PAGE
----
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What Does My Surname Mean?

22 Answers

Nathaniel Hobby Profile
Nathaniel Hobby answered
The surname is a representative of the family name, which is passed down the male line from generation to generation. In terms of its historical significance, the usage of the surname is relatively new.  The convention was adopted in order to distinguish people who may have had the same first name. Initially this was not passed down the generations and was simply used as a function for distinguishing different people.

It is believed that the Chinese were amongst the first civilisations to adopt this convention of the use of hereditary surnames, which is thought to have been about 5,000 years ago. The use of the surname was not utilised in European culture until 10th and 11th Century, which stemmed from the historical city of Venice.  After this it became custom for members of the gentry and aristocracy to utilise this custom of the hereditary surname until it became a common tradition for everyone of all classes to pass on their surname.

Surnames were generally derived from one of four sources: Patronymic (which was sourced from the father’s name, their ancestral origin or place of birth, occupation or social status and nicknames that often revealed personal or physical traits. For instance if your surname is a patronymic derivative, then it will take the format of ‘Peters’ which is an English format, or similarly ‘Peterson’ which translates simply to ‘Son of Peter’ , which is Swedish.

Additionally, if you were Scottish then it would have started with ‘Mac’ or if you were Irish the name would have had an ‘O’ before it; both meaning ‘Son of’. If your name revealed a place or distinctive features of the locality then the surname would take the format of ‘Cliff’ which means steep hill or ‘KirkPatrick which represents the church (kirk) of St. Patrick. Furthermore if you were a Smith of a Cooper then this often denoted your occupation, Smith standing for a blacksmith and Copper representing a barrel maker. Finally, if you were an Armstrong or a Small, this probably would have represented physical features such as strong arms of body size.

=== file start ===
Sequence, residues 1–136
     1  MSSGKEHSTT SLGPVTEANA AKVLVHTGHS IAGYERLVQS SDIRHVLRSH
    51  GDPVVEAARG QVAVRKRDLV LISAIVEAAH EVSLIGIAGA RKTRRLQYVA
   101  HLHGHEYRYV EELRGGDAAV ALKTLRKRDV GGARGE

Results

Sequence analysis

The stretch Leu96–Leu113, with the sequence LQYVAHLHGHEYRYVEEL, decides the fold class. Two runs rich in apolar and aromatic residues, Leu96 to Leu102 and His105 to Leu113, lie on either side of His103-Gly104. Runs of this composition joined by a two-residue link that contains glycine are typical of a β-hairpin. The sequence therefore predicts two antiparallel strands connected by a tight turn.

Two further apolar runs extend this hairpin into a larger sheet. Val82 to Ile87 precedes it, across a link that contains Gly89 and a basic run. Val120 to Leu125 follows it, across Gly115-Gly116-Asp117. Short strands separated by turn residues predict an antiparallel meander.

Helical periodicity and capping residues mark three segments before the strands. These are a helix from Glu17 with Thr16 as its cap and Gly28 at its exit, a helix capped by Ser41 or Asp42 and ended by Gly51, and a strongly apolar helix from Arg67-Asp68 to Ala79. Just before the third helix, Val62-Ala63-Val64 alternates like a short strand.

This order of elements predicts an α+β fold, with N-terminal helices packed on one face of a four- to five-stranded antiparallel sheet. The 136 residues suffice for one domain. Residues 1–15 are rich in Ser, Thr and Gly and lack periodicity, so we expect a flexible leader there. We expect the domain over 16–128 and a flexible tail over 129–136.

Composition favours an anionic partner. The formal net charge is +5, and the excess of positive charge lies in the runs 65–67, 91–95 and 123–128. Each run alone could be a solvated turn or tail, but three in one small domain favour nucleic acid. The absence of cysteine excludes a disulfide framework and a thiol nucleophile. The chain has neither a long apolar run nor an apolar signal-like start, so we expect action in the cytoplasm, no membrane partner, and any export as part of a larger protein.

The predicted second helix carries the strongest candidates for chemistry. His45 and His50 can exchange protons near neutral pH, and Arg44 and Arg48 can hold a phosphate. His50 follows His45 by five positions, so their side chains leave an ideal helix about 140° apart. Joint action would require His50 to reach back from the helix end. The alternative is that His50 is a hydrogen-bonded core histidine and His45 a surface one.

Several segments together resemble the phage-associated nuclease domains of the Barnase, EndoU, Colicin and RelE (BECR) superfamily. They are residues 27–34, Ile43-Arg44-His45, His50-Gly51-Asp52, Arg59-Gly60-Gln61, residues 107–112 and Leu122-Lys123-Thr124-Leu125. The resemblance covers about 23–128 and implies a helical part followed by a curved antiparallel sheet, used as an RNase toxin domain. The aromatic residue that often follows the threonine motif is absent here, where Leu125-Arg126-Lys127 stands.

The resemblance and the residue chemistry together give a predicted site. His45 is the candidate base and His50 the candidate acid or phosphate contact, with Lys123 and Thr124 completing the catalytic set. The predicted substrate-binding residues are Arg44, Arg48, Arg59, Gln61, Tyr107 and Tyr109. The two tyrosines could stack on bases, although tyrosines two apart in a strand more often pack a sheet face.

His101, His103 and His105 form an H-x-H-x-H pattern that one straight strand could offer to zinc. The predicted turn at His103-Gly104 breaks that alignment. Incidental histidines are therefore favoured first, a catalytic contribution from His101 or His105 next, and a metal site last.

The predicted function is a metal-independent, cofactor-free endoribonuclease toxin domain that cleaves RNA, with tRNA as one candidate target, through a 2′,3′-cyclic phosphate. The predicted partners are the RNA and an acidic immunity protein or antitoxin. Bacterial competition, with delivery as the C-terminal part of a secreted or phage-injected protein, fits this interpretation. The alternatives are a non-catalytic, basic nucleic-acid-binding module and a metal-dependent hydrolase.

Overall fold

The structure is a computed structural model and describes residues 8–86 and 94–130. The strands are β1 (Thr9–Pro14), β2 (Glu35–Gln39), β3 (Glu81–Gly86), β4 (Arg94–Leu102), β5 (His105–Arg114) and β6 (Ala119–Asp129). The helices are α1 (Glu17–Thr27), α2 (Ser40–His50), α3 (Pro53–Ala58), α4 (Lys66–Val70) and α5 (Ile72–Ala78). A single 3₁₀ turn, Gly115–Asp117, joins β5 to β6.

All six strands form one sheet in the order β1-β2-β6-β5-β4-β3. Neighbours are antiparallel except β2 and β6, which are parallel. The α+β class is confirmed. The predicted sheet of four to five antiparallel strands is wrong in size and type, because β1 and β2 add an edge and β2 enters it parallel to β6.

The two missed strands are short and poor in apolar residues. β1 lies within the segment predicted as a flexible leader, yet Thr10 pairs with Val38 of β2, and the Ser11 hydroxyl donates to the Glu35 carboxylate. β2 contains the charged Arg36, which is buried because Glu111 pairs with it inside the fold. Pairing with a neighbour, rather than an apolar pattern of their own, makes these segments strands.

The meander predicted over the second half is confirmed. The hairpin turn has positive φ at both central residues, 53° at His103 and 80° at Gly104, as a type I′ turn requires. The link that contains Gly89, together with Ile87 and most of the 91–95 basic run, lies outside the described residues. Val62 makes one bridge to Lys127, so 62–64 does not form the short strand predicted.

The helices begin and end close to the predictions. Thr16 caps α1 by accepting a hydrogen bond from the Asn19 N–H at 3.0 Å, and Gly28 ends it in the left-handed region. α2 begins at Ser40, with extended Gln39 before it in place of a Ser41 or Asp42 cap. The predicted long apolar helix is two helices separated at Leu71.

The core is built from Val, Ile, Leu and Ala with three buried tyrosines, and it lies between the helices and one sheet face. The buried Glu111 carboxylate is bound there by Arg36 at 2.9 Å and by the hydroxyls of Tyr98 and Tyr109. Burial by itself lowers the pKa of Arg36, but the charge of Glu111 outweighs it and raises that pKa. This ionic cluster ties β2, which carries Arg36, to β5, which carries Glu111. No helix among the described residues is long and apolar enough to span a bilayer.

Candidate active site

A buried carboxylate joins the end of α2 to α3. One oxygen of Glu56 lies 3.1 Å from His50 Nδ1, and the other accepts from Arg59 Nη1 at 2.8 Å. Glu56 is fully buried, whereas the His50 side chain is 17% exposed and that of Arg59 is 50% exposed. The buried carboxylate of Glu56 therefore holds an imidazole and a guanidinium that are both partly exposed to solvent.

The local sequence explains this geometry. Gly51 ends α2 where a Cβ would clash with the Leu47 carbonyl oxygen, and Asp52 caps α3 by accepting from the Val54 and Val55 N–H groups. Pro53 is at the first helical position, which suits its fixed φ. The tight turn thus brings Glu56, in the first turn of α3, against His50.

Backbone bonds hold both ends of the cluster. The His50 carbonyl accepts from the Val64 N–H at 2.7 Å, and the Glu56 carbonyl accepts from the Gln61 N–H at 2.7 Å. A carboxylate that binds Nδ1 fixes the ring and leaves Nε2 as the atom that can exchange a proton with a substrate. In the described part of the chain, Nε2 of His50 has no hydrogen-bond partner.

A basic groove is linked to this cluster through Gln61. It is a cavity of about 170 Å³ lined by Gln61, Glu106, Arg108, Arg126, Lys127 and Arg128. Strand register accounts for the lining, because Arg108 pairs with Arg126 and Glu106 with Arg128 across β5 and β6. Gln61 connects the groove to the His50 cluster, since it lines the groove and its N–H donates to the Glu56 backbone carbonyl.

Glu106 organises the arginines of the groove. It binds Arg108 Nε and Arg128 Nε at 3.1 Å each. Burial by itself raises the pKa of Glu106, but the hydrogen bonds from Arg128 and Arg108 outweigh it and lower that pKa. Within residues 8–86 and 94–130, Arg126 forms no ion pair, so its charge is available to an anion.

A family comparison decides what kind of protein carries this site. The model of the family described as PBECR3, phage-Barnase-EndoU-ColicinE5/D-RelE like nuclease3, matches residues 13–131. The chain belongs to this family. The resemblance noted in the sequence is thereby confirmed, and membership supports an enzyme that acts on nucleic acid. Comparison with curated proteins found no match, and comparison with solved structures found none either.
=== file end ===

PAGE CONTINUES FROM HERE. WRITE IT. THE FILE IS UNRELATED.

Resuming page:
Anonymous Profile
Anonymous answered
We all like to know what our surname means and it is possible to find out. Some surnames suggest what profession your family line might've been in such as Smith.

It's also interesting to find out your Mother's surname. This is known as the maiden name. The study of your ancestry is known as genealogy. It's always great to trace back your family's history and making a family tree is good place to start. This is a diagram which annotates your relatives and your relatives relatives on one easy to read tree.
Anonymous Profile
Anonymous answered
You can visit some of the links on this page, which are a bunch of sites where you can find the meaning of you're last name. Some of them you have to pay, but most are free.
Anonymous Profile
Anonymous answered
Is it my imagination, or does no-one seemed to have yet answered the original question? We seem to have one in depth analysis of Hurley (fine if we're all called Hurley) and a host of people still in the dark. To reiterate... is there a site which gives the general meaning and origin of surnames?
jordan pritchard Profile
Type your name into google translate with the setting detect language
Anonymous Profile
Anonymous answered
I think they said, it's best to check out genealogy sites . Read carefully next time. Not like they can answer all 44 billion surnames out there is it....bit of common sense!
Anonymous Profile
Anonymous answered
We have attempted to find the meanings and origins of a handful of surnames, some of which have been easier than others. It is quite a difficult task to get a decent answer from places on the web about surname meanings, which is why you probably ended up here at BlurtIt!. As there are so many surname's out there - quite rightly billions - we will endeavour to try and get meanings for questions that come in, but cannot always help.

Many Thanks

The BlurtIt! Editor
Anonymous Profile
Anonymous answered
Here's an example for the name 'Hurley':

'The name Hurley has undergone many variations in the time that has passed since its genesis. In Gaelic it appeared as O hIarlatha, which is derived from the word iarflaith, which means underlord."

Spelling variations include: Herlihy, O'Herlihy, Herley, Herly, Hurley, O'Hurley, Murrily and many more.

First found in county Limerick where they held a family seat from ancient times.
Some of the first settlers of this name or some of its variants were: Bartholomew Hearlihy settled in Philadelphia in 1857; Daniel Herlihey settled in Philadelphia in 1868; John Herlihy settled in Philadelphia in 1876; Jacob Herley settled in Philadelphia in 1753.'

Such information is easily extracted from geneology sites. To get yours why not have a browse and see if you can find the right site for your needs.

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